Members of my chambers were extremely helpful during pupillage, and they didn’t humiliate me too much when I asked silly questions. Depends on the set I suppose.



Some “supervisors” are supervisors only because they need to demonstrate ability to supervise people on their partnership track.


Current Trainee

This is beyond silly. Just ask the questions. Trainees are there to learn. It’s expected that during your seats (some of which can be on areas you’ve never done or at least not since the LLB) you will develop practical experience of the area, which necessitates asking questions.

Or, if you realise that you really should know the answer to the stupid question you are asking, you could always go onto Practical Law and read one their Practice Notes. I had to do this the other day when I was asked something about bailment and could barely remember what it was.



You often find that there is a lot of assumed knowledge in hastily given instructions you receive. Then it all comes down to you and your ability to mind read.

Good luck.



i really wanna join Schlubb Yehuda & Frotz. Their capital markets practice is one of the best in the world. Anybody got any tips?






Ignore this new expensive untried and untested entrant to the market and use LawCare instead.



Nearly all firms have Practical Law don’t they?

Look up answers on there, as Current Trainee at 9.27am said.



They also have an Ask service which is included in the subscription. Very helpful and the people who answer have years of practice behind them.



If only you could talk to them though, rather than write a question, then wait 24 hours for a reply! It is brilliant though, if you can wait.



If you’re really stuck just ask a 3rd/4th seater trainee or NQ, or a nice associate. Doesn’t have to be your supervisor.



Here is the lowdown:

This is never going to change. This will always be a high-pressured job. If you can, don’t get into it. If it’s too late, just ride out your TC. Decide at the end whether this is what you want to go into. Once you are in, it’s difficult getting out, and this ‘mental health’ awareness mumbo jumbo is nothing but marketing. It’s simply a façade.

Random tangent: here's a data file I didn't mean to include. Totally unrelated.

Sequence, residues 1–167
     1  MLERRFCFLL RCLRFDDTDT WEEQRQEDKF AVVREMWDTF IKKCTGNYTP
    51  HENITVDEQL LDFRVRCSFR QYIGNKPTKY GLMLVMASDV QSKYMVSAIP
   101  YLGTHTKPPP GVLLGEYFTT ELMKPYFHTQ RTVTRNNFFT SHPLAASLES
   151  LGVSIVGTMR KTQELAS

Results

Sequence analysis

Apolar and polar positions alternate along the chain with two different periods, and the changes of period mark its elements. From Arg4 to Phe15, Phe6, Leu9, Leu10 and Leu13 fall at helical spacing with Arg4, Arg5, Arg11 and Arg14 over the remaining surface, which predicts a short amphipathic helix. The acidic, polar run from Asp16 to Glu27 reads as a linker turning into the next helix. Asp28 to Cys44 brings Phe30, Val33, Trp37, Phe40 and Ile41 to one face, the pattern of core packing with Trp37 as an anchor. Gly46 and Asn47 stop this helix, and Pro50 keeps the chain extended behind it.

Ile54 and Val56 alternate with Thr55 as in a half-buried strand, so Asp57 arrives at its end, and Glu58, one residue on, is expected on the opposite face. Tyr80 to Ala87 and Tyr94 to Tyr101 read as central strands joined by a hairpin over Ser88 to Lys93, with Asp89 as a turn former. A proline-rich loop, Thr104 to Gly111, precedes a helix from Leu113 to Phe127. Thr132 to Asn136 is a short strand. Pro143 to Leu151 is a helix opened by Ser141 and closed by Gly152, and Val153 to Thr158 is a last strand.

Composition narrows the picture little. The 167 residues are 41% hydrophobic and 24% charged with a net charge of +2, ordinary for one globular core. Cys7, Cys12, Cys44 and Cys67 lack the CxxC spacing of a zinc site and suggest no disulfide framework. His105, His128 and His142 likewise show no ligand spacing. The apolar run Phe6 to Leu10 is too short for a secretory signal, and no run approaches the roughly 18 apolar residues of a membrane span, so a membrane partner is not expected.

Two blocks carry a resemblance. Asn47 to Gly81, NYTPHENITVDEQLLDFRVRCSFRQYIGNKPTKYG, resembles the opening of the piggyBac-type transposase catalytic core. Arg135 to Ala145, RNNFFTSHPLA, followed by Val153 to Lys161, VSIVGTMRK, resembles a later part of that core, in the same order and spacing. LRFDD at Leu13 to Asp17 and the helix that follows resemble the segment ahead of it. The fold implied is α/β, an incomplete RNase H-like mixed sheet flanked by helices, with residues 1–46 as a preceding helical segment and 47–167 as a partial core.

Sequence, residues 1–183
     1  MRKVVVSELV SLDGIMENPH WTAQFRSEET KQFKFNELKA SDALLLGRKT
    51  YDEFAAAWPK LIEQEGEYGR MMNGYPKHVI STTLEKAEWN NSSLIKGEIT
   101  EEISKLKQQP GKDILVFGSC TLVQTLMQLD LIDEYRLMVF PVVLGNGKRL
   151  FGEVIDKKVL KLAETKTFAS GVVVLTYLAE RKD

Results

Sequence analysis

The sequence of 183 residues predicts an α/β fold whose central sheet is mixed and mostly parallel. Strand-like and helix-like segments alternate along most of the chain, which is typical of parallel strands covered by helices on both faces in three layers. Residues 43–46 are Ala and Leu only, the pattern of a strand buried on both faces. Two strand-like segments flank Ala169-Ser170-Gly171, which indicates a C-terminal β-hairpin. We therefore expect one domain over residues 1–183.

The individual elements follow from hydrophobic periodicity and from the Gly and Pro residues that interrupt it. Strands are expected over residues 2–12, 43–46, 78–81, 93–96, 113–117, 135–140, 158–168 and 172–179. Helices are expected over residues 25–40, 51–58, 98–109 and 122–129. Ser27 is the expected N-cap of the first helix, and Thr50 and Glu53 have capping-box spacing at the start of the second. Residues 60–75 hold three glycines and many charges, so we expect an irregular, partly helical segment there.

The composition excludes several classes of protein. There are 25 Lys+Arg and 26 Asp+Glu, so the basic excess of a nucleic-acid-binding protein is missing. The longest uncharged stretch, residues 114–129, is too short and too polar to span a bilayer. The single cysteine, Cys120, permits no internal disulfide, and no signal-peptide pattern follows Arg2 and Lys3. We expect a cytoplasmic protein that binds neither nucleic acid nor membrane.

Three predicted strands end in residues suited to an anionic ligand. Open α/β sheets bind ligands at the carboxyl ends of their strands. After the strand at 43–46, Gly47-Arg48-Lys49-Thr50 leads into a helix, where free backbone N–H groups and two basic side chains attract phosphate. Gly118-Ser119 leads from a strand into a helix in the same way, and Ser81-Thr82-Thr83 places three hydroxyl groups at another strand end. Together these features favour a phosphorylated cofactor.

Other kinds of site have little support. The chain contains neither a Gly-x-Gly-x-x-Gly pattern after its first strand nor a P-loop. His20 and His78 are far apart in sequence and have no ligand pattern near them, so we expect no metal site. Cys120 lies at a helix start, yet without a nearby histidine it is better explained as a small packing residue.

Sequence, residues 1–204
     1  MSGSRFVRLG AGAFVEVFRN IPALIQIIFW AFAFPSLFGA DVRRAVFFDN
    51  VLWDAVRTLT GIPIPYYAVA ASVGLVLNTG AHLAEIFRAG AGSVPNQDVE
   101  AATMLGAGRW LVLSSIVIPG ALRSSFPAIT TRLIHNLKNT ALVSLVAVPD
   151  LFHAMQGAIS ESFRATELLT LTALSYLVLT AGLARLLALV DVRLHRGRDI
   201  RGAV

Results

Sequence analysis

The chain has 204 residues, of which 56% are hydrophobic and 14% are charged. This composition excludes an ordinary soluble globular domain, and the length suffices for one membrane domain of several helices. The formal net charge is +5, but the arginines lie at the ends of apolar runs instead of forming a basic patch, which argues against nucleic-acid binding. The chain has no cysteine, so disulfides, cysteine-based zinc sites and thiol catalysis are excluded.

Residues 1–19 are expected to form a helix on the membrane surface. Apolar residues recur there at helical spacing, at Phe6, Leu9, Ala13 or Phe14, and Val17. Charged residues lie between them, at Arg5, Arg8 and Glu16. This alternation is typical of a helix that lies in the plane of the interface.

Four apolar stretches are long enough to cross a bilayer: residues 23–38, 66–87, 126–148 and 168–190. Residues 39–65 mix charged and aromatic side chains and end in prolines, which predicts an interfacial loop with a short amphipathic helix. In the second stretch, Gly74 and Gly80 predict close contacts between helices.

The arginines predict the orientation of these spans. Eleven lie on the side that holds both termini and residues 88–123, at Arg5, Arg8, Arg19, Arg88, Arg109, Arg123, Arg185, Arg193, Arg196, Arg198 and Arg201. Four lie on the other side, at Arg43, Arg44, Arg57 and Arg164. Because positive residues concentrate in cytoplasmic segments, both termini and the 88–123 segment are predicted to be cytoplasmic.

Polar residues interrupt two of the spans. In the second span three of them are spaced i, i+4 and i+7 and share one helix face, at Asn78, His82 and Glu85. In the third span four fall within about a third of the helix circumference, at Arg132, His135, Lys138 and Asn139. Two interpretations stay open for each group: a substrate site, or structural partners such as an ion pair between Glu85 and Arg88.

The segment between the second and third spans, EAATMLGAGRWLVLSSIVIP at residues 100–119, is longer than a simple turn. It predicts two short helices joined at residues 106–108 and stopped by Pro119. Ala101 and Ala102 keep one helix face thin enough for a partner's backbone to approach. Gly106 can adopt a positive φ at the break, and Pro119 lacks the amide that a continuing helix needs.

Everybody talks about what it takes to be a good trainee. Part of the problem is that nobody talks about what it takes to be a good supervisor. I cannot count how many times I have received shi**y instructions, only to get told off for not understanding or doing things ”wrong”. Even if I write down the instructions given I get a bollocking for doing what I was told, when I am later informed ”that is not what I asked you to do!”.



Been there.

10 years on…learned from it not to do it to others.



Perhaps there is a YouTube channel that offers mental health advice to lawyers that you could write an article on!? Just a thought.



Yeah LC, why not?? I’m sure they’d even pay you!



Yar yar yar, me fakenhams got me shakenhams and BOOOYA


Bojanga Mthanga

What you bin smokin’, Bro?

Can I have some?


Chloe (23)

I’m so stressed I’ve started wetting the bed.

Is this happening to any other trainees?



Yes. I have been making your bed wet too.

Kind regards,

JD Partner



Surely this is provision of legal advice – likely in breach of employment contract as well as SRA requirements…



Providing legal advice is not a reserved activity, like conducting litigation for example. Anyone can do it. That said looks like they’re just providing know-how right, not legal advice?


Actual Solicitor

Sorry, but developing the confidence to ask questions and address them to the appropriate person is a key skill for anyone’s legal career. If you’re not learning that as a trainee then you’re failing in a key part of your training. This service seems like an unhelpful crutch.

I’m also doubtful about the quality of advice. What competent solicitor is manning this phone line for less than £20 an hour (a big chunk of which presumably goes to the company, not the person providing the advice)?